In 2010, as the report indicates, there were 300,000 Iraqi Christians. Since 2014, nearly half have been displaced because of ISIS and more than 50,000 fled the country entirely. Christians in the north are returning slowly to Mosul and the Nineveh Plain, but CNEWA and other relief organizations recognize the process will be slow and agonizing.
Still, there are a few signs of hope.
Aid to the Church in Need, a global papal charity, has reported that 3,000 Christian families are returning to Qaraqosh, on the Nineveh Plain, and the families will be looking soon to place their children at local schools. The town was severely damaged during the ISIS seizure and occupation and a total of 10,000 families were driven out, but the community is working to repair houses and schools as quickly as possible. In an interesting side development, a Catholic woman, Lara Yussif Zara, was recently elected the new mayor of Alqosh, a town on the Nineveh Plain. She is the first Christian woman to be elected mayor in Iraq, and only the second woman to hold the post of mayor after a Muslim, became mayor of Baghdad in 2015.
The scale of the devastation facing Christians in Syria, meanwhile, is genuinely staggering. Since the start of the Arab Spring in December 2010 and the resulting bloody civil war, the Christian population has been almost cut in half. In 2010 there were some 2.2 million Christians, 10% of the total population. Today, there are around 1.2 million in a country literally shattered by the civil war, especially the large cities of Homs and Aleppo. Christians were subject to genocide and brutality by ISIS and other Islamist groups, and many fled to Jordan and Lebanon or found sanctuary in places held by government forces (Christians were generally protected under the Assad regime). As CNEWA notes,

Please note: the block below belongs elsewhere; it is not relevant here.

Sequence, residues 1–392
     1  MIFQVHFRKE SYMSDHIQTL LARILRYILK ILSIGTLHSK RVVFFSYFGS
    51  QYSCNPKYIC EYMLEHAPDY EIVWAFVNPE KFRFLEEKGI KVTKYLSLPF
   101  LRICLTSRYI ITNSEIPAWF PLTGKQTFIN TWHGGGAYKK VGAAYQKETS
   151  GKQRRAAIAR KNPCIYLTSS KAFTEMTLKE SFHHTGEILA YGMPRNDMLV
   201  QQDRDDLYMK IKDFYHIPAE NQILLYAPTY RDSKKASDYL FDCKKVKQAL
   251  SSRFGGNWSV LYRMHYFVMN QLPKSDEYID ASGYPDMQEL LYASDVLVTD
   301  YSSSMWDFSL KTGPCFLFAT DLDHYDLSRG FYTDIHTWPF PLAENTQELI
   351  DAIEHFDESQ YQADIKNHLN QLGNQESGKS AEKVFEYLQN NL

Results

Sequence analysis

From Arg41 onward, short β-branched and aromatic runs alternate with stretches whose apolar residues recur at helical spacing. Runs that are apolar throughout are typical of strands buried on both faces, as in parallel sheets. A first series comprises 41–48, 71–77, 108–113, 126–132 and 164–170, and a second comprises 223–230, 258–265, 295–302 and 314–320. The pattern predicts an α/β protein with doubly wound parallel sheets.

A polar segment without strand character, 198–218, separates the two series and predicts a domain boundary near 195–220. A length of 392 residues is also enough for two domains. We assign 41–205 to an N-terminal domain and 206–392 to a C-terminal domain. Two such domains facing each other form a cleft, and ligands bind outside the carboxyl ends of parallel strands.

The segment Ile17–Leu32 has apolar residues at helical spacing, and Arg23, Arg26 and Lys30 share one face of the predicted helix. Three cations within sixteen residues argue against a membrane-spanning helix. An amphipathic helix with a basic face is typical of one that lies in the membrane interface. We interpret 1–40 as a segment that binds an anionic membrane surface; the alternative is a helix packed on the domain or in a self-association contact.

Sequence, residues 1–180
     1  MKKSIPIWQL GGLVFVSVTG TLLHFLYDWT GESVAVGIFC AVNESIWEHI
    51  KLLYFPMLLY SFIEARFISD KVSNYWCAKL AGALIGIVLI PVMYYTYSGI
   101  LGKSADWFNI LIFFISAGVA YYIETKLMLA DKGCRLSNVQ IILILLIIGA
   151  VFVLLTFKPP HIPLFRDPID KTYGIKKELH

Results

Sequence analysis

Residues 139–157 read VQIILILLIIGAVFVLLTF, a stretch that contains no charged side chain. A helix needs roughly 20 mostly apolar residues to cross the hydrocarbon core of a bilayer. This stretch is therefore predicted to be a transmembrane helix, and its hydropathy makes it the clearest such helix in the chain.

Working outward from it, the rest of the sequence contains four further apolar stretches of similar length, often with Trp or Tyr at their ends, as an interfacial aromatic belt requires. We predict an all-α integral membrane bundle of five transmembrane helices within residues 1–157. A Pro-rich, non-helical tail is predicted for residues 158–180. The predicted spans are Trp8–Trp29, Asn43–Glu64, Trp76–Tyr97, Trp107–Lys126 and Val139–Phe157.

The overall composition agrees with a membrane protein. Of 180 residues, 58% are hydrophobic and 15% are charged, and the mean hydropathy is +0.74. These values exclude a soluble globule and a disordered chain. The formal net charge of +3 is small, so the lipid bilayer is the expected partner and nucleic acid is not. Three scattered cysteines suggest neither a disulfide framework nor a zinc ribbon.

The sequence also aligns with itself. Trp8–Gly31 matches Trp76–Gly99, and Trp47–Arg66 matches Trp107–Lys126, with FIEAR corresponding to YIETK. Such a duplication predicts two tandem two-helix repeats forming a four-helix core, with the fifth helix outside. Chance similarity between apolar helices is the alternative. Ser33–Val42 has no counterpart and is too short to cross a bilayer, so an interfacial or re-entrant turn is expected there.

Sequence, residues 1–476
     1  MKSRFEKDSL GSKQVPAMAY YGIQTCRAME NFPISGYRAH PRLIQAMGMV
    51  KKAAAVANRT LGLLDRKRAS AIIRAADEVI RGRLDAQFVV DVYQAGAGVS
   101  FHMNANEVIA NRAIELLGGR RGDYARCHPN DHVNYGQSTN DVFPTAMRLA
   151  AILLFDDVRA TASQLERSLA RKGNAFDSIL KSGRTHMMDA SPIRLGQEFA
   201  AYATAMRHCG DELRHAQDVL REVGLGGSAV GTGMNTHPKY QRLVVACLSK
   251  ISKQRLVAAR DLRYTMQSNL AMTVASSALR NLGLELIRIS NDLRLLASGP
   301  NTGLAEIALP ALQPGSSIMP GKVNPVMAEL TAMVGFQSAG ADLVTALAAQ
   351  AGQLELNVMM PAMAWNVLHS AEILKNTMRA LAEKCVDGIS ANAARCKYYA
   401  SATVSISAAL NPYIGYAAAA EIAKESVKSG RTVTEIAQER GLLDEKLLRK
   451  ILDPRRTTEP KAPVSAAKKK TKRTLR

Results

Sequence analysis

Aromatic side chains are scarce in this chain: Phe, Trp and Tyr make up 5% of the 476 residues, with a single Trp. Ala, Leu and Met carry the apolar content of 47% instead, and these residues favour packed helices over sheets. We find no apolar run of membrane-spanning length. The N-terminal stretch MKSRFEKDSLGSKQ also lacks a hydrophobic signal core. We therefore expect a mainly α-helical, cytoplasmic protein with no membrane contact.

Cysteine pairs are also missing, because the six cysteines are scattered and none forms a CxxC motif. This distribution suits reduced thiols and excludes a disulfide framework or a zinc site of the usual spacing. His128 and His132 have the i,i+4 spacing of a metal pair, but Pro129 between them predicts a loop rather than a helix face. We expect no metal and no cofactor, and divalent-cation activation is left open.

The loss of Christians in Syria carries a particular poignancy because Syria is a true cradle of the faith. St. Paul famously traveled to Damascus, intent on persecuting Christians, and it was on that journey that he underwent his conversion. After the fall of Jerusalem to the Romans in A.D. 70, the Syrian city of Antioch — where the followers of Jesus were first known as “Christians” — became the center of Christian thought in the eastern half of the Roman Empire.